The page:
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Ten Years After: An Historian Discusses 1989

By Elena Nikleva

Timothy Garton Ash is a well-known British contemporary historian and a fervent advocate of rapid European Union expansion to Central and Eastern Europe. His latest book, "History Of The Present," focuses on events in post-communist Europe, particularly in the Balkans. Recently, Garton Ash moderated a high-level conference in Prague on the occasion of the 10th anniversary of the Velvet Revolution in the former Czechoslovakia. Elena Nikleva of RFE/RL's Bulgarian Service spoke with him then about the new realities in Europe today.

Prague, 7 December 1999 (RFE/RL) -- Timothy Garton Ash was asked first about the idea of several new dividing lines in Europe which, in his view, have in fact replaced the old Berlin Wall.

"There are now many dividing lines instead of one, and I think in 10 years' time there will be still many dividing lines. But I think one of the most dangerous doctrines of the [1990s] has been what I call vulgar Huntingtonism -- the idea propagated by the [U.S.] political scientist Samuel Huntington that the great and enduring divide in Europe is precisely between the area that had Western Christianity and the area that had Orthodox Christianity or Islam.

"I have never supported that sort of cultural determinism and I think it is both analytically wrong and politically misguided. I think it is terribly important that the process of the enlargement of the European Union and of Western structures continues and remains open not just to countries like Bulgaria, but also to parts of the former Soviet Union."

Garton Ash was then asked whether he agreed that only politicians -- not ordinary people -- were celebrating the 10th anniversary of the fall of the Berlin Wall. Wasn't this another new dividing line --- between elites and the people?

"You are absolutely right that the celebrations of the 10th anniversary have been largely media events and political events rather than popular events. Both in Berlin and here in Prague, I think there is a painful contrast between then and now, but that's perhaps not surprising. And of course one of the new divisions which you get particularly in capitalism is the division between rich and poor. But I don't think, whatever the odd public opinion poll says, that a majority of East Germans or even a significant minority of East Germans would want the old system back. Nor would I think anyone else in post-communist Eastern and Central Europe [wants to go back to communist days]."

How long, Garton Ash was next asked, did he think it would take for the three Baltic republics and the Balkan countries to attain full EU membership? "I think that there is a good chance that in the next 10 years southeastern Europe and indeed the Baltic states could come into a larger EU. I think the process of [EU] enlargement will continue and I think that the great challenge of the next 10 years is probably not southeastern Europe actually -- because I think that this process has already begun, the process of enlargement -- but the former Soviet Union, and there I think you could see a big dividing line between the former Soviet Union and the West of Europe. I believe [that] because of the West's engagement in the Kosovo war most politicians in the West now recognize that we have to get serious about reintegration of the Balkans [into Europe]. Whether deeds will follow words, I'm not sure, but I believe I am going to be cautiously optimistic about that in the medium term."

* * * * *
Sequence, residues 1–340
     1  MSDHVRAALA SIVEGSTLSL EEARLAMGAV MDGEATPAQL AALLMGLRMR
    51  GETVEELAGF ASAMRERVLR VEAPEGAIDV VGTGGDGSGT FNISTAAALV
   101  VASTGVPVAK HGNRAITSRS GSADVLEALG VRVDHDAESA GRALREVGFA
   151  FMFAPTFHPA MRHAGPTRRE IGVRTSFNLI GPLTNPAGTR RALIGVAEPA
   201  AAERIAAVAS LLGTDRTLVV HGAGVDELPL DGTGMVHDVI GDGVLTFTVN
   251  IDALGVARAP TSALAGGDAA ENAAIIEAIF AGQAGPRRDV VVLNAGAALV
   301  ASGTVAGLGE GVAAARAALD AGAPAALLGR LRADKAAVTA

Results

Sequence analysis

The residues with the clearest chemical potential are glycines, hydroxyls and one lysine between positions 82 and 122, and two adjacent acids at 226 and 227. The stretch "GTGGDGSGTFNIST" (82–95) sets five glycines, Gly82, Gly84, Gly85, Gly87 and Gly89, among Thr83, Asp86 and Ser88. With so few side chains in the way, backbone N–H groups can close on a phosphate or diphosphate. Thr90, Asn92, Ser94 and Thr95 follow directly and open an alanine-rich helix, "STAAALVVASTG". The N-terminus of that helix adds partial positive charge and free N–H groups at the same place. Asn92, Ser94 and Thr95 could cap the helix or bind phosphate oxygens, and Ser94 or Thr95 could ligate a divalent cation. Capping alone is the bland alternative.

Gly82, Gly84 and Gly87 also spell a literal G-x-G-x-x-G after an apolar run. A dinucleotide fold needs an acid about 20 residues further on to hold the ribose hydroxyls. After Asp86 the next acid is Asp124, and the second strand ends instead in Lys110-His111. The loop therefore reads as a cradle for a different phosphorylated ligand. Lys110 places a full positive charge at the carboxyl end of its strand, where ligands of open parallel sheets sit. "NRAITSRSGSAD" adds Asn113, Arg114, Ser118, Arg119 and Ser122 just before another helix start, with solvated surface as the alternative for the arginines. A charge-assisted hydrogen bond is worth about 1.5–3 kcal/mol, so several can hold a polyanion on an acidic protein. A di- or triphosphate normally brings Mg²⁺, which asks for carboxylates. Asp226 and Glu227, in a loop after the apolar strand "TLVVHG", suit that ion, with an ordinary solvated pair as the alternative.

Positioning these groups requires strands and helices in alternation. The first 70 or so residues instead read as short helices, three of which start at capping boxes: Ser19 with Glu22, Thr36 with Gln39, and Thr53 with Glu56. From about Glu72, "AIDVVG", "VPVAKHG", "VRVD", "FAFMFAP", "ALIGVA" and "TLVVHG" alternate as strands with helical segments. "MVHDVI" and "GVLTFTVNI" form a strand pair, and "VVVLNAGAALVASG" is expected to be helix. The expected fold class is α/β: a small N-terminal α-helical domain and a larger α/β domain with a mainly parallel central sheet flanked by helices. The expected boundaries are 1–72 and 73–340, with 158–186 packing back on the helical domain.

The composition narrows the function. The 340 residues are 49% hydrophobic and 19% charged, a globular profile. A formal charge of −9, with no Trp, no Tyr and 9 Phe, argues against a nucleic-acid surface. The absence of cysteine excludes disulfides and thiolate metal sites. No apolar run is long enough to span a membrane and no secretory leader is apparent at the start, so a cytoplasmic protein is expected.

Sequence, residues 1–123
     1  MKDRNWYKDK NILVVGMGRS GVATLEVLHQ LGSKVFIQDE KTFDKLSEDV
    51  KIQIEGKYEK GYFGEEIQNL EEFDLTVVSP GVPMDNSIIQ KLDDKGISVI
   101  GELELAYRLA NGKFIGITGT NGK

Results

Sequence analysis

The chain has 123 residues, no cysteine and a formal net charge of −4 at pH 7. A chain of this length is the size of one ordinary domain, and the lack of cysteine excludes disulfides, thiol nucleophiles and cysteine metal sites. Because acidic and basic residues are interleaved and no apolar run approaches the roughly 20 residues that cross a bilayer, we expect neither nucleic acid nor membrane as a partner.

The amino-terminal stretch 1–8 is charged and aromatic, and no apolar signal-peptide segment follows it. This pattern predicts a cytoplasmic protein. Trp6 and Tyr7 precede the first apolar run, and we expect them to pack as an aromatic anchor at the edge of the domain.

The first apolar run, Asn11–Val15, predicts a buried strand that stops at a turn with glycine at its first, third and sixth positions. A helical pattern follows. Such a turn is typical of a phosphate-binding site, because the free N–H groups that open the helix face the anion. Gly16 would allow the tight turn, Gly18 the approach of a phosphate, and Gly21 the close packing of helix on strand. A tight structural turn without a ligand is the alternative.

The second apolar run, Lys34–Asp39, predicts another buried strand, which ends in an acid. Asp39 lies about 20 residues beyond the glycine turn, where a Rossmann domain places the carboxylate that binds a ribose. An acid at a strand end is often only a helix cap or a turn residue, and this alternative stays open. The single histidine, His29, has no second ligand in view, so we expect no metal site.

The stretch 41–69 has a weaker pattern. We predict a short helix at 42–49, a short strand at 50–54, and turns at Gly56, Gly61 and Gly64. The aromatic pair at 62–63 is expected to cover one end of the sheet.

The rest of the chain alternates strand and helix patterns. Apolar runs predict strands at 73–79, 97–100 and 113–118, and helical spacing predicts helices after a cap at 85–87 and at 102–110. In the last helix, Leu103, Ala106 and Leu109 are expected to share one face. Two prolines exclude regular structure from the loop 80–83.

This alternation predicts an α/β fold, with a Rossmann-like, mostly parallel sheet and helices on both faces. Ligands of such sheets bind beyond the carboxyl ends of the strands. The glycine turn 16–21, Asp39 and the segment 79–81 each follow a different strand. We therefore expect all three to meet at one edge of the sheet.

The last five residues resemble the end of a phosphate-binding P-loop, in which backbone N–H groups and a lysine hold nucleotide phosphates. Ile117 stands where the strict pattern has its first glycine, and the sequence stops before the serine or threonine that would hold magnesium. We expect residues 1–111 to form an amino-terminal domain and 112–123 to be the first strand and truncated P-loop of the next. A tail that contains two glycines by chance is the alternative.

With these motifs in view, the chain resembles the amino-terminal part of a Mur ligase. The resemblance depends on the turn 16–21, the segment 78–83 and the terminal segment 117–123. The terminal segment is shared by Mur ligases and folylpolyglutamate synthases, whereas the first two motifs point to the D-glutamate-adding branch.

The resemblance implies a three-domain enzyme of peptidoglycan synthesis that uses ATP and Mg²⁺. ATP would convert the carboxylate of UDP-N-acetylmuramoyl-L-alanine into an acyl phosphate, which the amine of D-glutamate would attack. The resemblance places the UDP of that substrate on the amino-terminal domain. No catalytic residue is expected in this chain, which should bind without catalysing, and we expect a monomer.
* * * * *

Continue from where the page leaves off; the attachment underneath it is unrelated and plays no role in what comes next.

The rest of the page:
If "Europe" doesn't end in Central Europe, Garton Ash was next asked, then in his view where does it end?

"Europe doesn't end, it [simply] fades away. It fades away across the Eurasian continent somewhere between Moscow and Vladivostok. And it fades away into Turkey. These are the two open frontiers of Europe, and only a fool would say Europe ends here and draw a sharp line on the map. Frankly, [in the past] for most West Europeans, Europe ended on the East German border; and even today for many West Europeans, Europe ends on the Polish frontier. That's actually a considerable achievement for those of us who have advocated enlargement -- that the definition of Europe even extends this far, and it even includes ... Central Europe. My point is that that has set a precedent. And indeed the new European [Union] Executive Commission under [President] Romano Prodi has recognized this fact and they [that is, Union officials] now envisage a EU of 30 to 35 states."

Finally, Garton Ash was asked about the paradox that, while there is much talk about the new millennium, there is not much talk about a new morality. Doesn't Europe need a new morality for the new millennium?

"Well, it would be very nice, wouldn't it? There is a sense that something is going wrong in the sort of model of consumer democracy that post-communist Europe is taking over from the West -- a bad copy of the West. I think in this part of the world -- and by this part of the world I mean Bulgaria as well as the Czech Republic [and elsewhere] -- you sense this malaise of consumer democracy. My contribution as a writer is to analyze the malaise, to expose it and certainly I think that better political leadership -- a leadership that puts the long term before the short term -- is one of the answers we need. But we also need more critical intellectuals who point out these problems and try to drag people away from the television screens."